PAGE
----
Posted on October 5, 2013 AT 10:01am
Last week, when on my honeymoon, I visited acclaimed art museum The Louvre. As a huge video game fan, when I passed the audio guide desk, I did a double-take. On a giant sign plastered behind the counter was a giant picture of a 3DS XL. Naturally, I was curious about how a 3DS could guide me through the art of the French museum, so I put some money down and checked one out. What I found was the best experience with an audio guide I’ve had and a example that more locations should follow.
When you first boot up the audio guide, it gives you an overview its of the features. Obviously, it plays audio tracks relating to specific pieces of art, but the specific features of the 3DS offer a host of other opportunities to make it an even better guide.
One feature that tended to be a bit hit or miss with the guide was the location-tracking. On the touch screen, a map of the museum was displayed by default. As you move, it tracks your location and displays icons on the screen if there are audio tracks for any nearby pieces. This made it fantastic to just walk around and open up the 3DS to see what paintings in a given room had more info. In addition, if you knew exactly what you were looking for, you can search out a specific piece of art and the guide will lead you there. This is where it got a little iffy. The location tracking, though mostly good, can sometimes take a little time to update and got me a bit lost on a couple of occasions.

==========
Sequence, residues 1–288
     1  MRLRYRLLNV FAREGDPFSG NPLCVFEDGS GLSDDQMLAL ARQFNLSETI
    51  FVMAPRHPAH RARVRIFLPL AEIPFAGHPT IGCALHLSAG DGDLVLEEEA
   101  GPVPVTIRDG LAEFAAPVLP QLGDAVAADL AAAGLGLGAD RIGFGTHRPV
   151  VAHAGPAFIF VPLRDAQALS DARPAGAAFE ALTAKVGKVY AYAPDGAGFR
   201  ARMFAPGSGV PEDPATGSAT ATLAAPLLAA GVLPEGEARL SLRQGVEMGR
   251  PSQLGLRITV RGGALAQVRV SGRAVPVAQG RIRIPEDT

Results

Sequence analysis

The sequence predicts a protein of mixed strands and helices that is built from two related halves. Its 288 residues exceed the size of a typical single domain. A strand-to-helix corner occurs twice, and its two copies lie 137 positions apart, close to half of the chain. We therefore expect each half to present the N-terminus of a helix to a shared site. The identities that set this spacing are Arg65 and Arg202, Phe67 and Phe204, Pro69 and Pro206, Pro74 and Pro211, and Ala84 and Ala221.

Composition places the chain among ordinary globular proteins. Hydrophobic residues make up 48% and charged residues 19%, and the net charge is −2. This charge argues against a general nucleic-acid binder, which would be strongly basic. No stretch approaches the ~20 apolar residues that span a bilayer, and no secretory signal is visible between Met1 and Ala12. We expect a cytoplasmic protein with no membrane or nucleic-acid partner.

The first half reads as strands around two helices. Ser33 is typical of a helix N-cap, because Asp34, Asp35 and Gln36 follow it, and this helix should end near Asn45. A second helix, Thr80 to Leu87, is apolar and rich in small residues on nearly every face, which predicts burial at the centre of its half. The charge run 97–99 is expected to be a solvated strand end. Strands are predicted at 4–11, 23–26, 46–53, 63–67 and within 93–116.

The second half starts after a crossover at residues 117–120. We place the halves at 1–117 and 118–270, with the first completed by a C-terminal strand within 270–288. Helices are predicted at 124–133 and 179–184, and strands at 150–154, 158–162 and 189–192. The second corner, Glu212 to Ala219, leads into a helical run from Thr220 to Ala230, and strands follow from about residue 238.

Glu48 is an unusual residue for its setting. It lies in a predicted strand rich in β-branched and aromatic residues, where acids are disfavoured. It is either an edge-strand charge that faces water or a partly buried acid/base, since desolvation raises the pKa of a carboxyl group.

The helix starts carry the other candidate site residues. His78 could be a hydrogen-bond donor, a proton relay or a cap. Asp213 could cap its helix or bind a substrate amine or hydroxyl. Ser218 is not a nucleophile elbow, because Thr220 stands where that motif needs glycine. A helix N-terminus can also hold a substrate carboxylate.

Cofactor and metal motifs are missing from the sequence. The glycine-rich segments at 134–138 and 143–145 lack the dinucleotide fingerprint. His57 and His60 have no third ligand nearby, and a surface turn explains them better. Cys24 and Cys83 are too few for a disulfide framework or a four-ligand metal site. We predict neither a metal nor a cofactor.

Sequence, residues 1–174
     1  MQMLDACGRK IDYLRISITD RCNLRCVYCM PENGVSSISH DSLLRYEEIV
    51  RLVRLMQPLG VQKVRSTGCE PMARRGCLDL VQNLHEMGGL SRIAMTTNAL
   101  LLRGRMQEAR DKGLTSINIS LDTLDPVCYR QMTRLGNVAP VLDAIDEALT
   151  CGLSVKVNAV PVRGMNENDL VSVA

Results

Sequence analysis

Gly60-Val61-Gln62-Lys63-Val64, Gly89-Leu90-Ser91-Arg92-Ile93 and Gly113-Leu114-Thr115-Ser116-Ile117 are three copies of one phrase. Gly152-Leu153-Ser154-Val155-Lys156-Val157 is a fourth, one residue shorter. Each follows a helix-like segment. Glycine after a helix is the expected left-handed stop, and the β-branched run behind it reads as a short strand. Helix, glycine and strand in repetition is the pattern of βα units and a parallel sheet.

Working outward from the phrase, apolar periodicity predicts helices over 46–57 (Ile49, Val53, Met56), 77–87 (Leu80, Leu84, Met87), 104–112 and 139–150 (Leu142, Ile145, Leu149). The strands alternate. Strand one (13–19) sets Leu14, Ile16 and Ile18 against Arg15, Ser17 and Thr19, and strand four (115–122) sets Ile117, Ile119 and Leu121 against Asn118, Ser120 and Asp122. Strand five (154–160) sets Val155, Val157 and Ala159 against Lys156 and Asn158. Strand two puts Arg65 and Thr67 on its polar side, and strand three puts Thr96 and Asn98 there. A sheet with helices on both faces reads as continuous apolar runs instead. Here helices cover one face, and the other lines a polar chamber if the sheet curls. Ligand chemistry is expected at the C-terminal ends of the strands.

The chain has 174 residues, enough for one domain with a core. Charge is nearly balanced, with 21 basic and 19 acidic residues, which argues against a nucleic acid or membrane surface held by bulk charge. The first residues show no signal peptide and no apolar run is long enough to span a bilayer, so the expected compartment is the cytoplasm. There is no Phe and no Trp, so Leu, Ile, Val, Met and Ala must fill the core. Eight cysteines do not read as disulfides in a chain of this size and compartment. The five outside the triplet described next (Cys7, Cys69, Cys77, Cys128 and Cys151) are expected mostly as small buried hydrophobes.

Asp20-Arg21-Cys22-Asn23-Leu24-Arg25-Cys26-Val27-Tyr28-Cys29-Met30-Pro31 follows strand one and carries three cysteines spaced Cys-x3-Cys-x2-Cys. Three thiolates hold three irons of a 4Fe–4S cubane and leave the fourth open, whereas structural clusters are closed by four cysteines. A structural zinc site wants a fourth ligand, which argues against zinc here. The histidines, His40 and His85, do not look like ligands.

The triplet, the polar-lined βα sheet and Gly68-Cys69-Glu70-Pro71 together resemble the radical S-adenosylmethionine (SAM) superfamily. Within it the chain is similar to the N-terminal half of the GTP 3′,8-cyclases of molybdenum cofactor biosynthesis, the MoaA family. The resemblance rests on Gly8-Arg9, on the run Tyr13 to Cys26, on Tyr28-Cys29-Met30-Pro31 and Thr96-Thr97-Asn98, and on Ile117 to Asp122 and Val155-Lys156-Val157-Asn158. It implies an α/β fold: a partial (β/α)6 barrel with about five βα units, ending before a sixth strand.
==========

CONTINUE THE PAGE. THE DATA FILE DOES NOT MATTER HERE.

One really unfortunate reality of going to a museum is that sometimes a piece of art is unavailable. Whether it’s being restored or on loan to another location, it’s still a major bummer that can’t be avoided. The 3DS guide changes all this using the 3D visuals of the handheld console. If a piece of art is not available, they’ve created 3D representations that you can scroll around at will on the screen on the device. Sure, it’s not the same as seeing it in person, but when the alternative is not seeing it at all, it’s nice to have that reference while hearing the audio track.
Most audio guides really don’t go much farther than being an iPod Shuffle. This really pigeonholes you into following a very specific path in your museum experience. The extraordinary thing that the 3DS accomplishes at The Louvre is that it frees up the experience and allows you to explore at your own pace. Beyond that, having done more than a few audio guides while I was on my honeymoon, it was one of the cheaper guides I’ve ever used. So, if you find yourself at the most famous art museum in France, do yourself a favor and strap on a 3DS. It’s worth every penny and drastically improves the experience.
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